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Major U.S. airports offer flu shots to busy travelers at the gate

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Posted: December 5, 2007 2:10 p.m.
Updated: December 20, 2007 5:00 a.m.
    ATLANTA — After taking off their shoes, emptying their pockets and passing through the security checkpoints, travelers at some major U.S. airports can now roll up a sleeve and get a flu shot.
    ‘‘The convenience is great,’’ Danny Manzon, a busy, 53-year-old restaurant consultant, said after getting vaccinated Tuesday at a kiosk in front of an AirTran gate at Hartsfield-Jackson Atlanta International Airport. He said he had wanted to get a flu shot for three months but never had the time.
    For years, some airports have been offering flu shots to airline passengers before they cleared security. But many travelers were too afraid of missing their flights to stop.
    So this year, airports in such cities as Atlanta, Chicago, Denver, Newark, N.J. and San Francisco, are setting up ‘‘airside’’ health stations close to the gates, past the security checkpoints.
    The shots typically take just a few minutes and cost $15 to $35.
    ‘‘It’s helpful being on the airside because people don’t know how long it’s going to take getting through security so they don’t want to take a risk of waiting in a medical clinic or being stuck in security and not making their plane,’’ said Maureen Zampella, director of nursing and general operations manager of Harmony Pharmacy & Health Center Inc., which is offering flu shots at the Newark airport.
    The vaccinations are seen as particularly convenient for those who travel frequently on business.
    ‘‘They don’t have time to go to the physician,’’ said Dr. Dominic Mack, chief medical officer of The AeroClinic, which offers shots from gateside kiosks in Atlanta.
    Airline passengers receiving the shots won’t be protected right away. It takes about two weeks for a shot to offer full protection.
    Getting vaccinated now offers plenty of time for the shot to take full effect before the peak flu season begins, typically after December.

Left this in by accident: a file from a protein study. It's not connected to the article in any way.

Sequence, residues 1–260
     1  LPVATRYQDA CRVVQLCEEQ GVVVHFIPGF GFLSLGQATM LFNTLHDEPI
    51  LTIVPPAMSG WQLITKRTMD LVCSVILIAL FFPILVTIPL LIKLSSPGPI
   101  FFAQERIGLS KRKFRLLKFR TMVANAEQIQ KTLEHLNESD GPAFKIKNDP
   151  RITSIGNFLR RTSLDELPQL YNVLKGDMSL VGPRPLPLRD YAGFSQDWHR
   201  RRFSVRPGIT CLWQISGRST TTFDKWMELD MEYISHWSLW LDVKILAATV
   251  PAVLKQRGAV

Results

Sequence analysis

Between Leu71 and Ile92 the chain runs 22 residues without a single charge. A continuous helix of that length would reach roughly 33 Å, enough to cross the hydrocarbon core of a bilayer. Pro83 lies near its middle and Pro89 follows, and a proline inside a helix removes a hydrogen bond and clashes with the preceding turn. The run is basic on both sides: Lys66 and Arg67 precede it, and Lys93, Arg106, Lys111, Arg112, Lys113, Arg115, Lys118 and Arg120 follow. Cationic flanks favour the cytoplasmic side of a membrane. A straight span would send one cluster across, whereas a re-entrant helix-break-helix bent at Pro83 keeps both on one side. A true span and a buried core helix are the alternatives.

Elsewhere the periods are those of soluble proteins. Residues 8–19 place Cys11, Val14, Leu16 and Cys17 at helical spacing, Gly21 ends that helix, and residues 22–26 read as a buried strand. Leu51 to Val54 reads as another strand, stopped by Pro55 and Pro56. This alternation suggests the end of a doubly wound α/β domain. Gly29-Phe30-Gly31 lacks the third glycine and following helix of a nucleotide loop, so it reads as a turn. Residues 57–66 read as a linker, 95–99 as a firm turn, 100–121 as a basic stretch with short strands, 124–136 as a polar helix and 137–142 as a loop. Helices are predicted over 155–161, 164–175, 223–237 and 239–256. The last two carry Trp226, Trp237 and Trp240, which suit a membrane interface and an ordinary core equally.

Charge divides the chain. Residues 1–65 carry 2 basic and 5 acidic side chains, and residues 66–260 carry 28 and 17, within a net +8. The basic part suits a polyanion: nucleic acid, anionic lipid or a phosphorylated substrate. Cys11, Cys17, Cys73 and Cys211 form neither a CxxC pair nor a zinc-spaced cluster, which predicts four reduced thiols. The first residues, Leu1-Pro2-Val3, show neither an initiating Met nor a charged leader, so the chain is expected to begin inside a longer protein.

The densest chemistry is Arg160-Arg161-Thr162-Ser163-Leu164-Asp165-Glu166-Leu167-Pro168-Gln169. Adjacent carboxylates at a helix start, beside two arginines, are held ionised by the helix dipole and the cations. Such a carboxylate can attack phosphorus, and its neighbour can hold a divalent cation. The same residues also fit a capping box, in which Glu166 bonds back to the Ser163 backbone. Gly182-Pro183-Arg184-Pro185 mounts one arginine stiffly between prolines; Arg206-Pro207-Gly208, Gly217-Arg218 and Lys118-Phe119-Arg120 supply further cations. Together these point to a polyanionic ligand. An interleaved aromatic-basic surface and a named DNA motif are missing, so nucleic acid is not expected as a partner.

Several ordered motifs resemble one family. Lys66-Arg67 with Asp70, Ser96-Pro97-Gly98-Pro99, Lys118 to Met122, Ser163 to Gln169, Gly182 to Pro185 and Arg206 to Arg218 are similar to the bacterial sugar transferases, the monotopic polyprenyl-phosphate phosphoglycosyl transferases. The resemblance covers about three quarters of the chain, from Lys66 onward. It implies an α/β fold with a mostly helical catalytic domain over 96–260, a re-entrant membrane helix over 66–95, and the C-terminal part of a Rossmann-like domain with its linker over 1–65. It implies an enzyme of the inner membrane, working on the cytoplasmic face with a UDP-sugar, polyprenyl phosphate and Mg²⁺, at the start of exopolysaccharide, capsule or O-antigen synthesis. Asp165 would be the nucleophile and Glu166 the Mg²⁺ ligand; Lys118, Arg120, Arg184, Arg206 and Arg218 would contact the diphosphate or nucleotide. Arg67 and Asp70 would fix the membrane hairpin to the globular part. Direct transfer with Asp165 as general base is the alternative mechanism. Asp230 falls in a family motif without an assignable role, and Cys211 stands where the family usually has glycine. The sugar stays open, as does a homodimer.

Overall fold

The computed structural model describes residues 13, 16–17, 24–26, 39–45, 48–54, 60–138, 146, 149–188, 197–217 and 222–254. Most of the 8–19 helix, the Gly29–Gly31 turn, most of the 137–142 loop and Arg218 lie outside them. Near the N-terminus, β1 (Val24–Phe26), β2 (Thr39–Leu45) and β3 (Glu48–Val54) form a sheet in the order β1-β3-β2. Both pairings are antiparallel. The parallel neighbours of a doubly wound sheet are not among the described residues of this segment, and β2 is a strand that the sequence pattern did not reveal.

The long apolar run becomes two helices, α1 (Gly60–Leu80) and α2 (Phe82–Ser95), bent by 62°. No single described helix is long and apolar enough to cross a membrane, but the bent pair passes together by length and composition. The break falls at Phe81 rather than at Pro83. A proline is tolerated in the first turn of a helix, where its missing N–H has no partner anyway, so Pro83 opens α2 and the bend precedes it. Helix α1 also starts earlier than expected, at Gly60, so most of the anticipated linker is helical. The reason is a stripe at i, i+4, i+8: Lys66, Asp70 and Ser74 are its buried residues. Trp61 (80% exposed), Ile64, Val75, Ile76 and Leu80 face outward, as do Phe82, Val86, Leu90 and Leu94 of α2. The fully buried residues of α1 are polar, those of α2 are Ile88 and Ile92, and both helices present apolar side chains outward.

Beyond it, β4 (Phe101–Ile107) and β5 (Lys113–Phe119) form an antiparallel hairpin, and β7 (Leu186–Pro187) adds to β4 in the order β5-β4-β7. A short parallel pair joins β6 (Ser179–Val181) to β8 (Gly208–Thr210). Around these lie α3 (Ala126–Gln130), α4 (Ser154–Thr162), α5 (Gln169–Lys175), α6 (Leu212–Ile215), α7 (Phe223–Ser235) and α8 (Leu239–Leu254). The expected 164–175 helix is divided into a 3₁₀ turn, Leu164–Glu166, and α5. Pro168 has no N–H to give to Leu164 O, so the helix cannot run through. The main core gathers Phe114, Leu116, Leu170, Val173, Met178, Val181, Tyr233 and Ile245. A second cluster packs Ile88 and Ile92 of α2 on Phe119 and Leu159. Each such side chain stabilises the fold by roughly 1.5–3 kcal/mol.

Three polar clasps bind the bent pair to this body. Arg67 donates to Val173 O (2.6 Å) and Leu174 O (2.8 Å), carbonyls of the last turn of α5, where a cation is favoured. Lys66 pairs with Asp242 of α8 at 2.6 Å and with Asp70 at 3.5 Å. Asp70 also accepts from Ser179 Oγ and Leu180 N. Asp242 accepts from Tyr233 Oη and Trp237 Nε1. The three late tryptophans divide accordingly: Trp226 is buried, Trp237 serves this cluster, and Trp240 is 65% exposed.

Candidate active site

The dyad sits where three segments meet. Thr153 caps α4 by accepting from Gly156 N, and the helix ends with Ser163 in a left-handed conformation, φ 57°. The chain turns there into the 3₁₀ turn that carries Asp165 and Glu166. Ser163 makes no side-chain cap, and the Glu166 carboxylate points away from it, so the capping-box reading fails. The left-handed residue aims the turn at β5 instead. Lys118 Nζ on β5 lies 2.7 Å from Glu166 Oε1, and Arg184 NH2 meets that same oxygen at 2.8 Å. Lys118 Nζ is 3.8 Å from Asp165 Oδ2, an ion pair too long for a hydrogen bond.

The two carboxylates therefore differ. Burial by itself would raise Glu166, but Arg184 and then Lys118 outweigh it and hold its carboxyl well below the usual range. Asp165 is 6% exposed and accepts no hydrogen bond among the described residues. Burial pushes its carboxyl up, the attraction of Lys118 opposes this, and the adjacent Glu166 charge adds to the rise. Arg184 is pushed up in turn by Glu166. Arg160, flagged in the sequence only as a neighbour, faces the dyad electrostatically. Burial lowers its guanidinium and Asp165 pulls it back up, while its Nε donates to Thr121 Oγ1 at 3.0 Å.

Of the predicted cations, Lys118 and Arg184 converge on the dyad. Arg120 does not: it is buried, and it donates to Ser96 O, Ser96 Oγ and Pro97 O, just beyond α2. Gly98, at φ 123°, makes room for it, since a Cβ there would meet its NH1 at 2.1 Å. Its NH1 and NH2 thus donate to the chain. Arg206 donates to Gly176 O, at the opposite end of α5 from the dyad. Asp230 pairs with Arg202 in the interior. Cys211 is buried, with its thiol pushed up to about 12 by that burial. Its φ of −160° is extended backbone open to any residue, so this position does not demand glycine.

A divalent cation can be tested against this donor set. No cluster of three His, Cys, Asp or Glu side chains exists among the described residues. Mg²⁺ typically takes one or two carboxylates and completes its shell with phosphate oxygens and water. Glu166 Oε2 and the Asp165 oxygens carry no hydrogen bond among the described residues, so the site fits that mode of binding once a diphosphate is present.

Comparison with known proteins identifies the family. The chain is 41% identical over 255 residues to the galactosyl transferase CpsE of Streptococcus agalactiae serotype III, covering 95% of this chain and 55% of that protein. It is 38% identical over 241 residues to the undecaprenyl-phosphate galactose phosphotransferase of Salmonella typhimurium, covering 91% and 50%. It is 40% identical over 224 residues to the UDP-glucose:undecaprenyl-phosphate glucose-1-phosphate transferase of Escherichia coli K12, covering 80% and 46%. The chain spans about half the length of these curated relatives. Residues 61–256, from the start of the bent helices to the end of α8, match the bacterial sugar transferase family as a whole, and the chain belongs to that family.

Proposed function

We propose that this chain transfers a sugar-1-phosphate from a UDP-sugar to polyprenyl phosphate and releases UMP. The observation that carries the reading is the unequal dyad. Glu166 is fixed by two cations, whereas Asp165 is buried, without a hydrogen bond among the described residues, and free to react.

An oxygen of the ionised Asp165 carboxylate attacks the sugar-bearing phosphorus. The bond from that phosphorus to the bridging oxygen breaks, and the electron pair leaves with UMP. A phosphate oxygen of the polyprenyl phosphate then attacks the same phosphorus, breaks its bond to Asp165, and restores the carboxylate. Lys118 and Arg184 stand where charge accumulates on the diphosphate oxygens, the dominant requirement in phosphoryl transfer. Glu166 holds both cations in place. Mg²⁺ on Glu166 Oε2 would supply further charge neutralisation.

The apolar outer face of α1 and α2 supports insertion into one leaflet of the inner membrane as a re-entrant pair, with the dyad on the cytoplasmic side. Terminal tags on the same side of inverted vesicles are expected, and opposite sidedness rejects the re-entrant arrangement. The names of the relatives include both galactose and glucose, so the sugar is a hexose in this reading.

Airport health officials said eventually they may offer other vaccinations, too, as well as cholesterol tests and screening for high blood pressure.
    ‘‘We’re finding that’s where people are,’’ said Michelle Smith, spokeswoman for Denver Health, which operates a clinic at the Denver airport.
    The Atlanta airport clinic is considering offering pneumococcal vaccine once the flu season ends, based on requests from travelers approaching the kiosks. It also may offer blood pressure and cholesterol tests at the kiosks in the future, Mack said. The Denver clinic wants to offer similar services and may also address altitude sickness, Smith said.
    Last year, Chicago’s O’Hare Airport dispensed about 5,000 flu shots to passengers and employees from kiosks next to gates.
    ‘‘It went over great,’’ and the idea was expanded this year to Chicago’s Midway, said Dr. John Zautcke, medical director for the University of Illinois Medical Center at O’Hare. So far, O’Hare and Midway have vaccinated a total of about 9,500 people this year.
    ‘‘Business travelers love it,’’ Zautcke said. ‘‘They are just thanking us.’’
    Dr. Nathaniel Hupert, assistant professor of public health and medicine at the Weill Medical College of Cornell University in New York, says the gate vaccination programs make sense as a public health measure.
    ‘‘Anything that makes flu shots more accessible is a good thing,’’ said Hupert, who has no connection to the flu shot clinics. ‘‘It’s always helpful during normal times to try out new mechanisms (to distribute vaccine). This idea of offering vaccine in airports is actually an interesting and helpful step.’’

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